Lake Michigan water level highest in 17 years
The water level of Lake Michigan hit a 17-year high in the month of June.
Lake Michigan is now 13 inches higher than it was last year at this time and 4 feet above its average historic level.
While the rising tide simply lifted all boats at the marina in Michigan City, it frustrated some land-loving beachgoers who found their favorite haunts have either disappeared or been dramatically reduced in size.
“Little different than last year and different than the year before,” Debbie McMullan said while sitting on a modest strip of Cherry Beach in Chikaming Township. “Every year, it seems the water goes a little further up here.”
“The beach is pretty much disappeared,” added Debbie’s husband, Kelly. “There’s only about 10 feet here.”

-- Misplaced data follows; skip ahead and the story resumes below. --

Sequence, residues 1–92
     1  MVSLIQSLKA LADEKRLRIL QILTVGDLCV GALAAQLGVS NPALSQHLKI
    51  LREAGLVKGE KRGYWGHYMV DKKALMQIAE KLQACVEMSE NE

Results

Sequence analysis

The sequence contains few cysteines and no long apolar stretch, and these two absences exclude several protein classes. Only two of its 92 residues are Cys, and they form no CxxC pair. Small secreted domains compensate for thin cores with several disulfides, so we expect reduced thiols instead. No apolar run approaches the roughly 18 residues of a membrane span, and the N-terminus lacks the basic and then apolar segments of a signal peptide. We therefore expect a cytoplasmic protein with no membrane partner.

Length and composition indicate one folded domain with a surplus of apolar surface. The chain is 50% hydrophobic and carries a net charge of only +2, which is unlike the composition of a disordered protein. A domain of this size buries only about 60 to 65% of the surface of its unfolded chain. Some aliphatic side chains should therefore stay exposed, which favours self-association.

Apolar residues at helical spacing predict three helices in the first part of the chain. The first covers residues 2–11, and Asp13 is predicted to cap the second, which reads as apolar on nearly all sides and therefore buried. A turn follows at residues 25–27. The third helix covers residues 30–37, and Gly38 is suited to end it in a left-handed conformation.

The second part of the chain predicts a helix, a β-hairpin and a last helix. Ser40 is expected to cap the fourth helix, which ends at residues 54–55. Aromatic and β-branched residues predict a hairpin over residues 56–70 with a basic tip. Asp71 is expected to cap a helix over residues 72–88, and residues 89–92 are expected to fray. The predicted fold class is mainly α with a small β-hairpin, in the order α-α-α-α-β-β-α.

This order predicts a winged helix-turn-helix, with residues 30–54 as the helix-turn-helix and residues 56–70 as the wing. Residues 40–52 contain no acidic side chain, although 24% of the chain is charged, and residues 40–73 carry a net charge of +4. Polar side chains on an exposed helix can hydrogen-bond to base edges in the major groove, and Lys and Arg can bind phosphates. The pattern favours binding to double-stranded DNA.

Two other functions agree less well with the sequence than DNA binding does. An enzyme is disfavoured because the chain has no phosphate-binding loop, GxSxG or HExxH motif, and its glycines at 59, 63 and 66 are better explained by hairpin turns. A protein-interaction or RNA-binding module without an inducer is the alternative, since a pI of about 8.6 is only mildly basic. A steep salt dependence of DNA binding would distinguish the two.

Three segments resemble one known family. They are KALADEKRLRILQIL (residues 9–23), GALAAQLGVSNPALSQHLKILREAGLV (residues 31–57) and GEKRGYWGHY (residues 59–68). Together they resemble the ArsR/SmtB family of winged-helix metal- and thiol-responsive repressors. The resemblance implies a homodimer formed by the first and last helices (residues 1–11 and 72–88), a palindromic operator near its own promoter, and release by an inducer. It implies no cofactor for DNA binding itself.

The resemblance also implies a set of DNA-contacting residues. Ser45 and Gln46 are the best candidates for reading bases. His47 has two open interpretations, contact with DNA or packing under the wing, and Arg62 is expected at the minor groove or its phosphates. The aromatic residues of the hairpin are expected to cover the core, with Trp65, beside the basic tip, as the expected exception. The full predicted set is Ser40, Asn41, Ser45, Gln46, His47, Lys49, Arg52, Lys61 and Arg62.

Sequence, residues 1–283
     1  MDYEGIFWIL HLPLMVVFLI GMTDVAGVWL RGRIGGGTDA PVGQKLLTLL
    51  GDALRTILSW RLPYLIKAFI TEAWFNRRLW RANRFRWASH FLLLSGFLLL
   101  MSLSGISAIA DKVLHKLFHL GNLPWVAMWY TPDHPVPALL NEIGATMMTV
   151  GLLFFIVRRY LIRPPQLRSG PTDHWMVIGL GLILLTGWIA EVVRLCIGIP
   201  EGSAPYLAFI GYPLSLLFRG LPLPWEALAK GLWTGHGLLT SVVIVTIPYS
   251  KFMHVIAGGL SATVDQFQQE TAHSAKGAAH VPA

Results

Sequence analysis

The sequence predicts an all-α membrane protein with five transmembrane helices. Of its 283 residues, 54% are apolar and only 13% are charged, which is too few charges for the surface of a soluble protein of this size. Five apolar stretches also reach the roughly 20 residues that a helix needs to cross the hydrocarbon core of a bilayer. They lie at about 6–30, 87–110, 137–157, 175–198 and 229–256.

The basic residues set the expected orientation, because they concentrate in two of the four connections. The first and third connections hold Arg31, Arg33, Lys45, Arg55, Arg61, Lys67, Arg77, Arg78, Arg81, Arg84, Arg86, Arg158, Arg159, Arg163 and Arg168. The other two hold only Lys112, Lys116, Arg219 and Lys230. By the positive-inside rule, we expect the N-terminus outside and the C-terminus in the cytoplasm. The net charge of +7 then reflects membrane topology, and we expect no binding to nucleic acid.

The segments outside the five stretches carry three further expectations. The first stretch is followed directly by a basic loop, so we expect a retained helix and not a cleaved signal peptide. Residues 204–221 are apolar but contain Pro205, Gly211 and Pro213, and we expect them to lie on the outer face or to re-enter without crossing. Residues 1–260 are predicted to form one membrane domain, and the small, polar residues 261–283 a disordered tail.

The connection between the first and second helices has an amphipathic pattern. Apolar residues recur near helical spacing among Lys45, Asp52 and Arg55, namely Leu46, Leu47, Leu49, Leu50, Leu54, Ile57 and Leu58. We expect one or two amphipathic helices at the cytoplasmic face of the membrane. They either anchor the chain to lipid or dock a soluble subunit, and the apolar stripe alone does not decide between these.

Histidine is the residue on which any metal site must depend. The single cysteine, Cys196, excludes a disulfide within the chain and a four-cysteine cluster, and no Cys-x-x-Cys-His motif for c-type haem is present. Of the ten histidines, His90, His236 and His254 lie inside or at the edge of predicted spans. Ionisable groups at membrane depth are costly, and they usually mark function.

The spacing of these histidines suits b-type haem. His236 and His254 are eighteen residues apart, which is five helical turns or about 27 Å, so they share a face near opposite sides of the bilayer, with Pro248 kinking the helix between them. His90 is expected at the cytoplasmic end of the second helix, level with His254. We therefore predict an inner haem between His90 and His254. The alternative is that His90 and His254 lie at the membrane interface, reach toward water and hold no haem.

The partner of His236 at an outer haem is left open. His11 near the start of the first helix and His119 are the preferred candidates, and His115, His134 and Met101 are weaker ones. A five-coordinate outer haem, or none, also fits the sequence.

Kelly said the beach once extended at least 30 feet.
Chikaming Township has closed its Pier Street Beach because the stairs now lead directly to the water. Operation of the Harbert Beach has been intermittent this year, although it is now considered open.
“When we look at water, well, the more water, the more hazard," added Dave Benjamin, executive director of the Great Lakes Rescue Project. “Water in general is a huge hazard. Water unfortunately is one of the leading causes of accidental death in the nation and the world. Most people are simply unaware of that.”
Benjamin said that the high water tends to break down or reorganize sandbar formations that play a key role informing rip tides.
“We also have less beach space, so we may have more people on a smaller piece of sand, so it can be a little more challenging to keep track of the people who are in your party on the beach,” he said.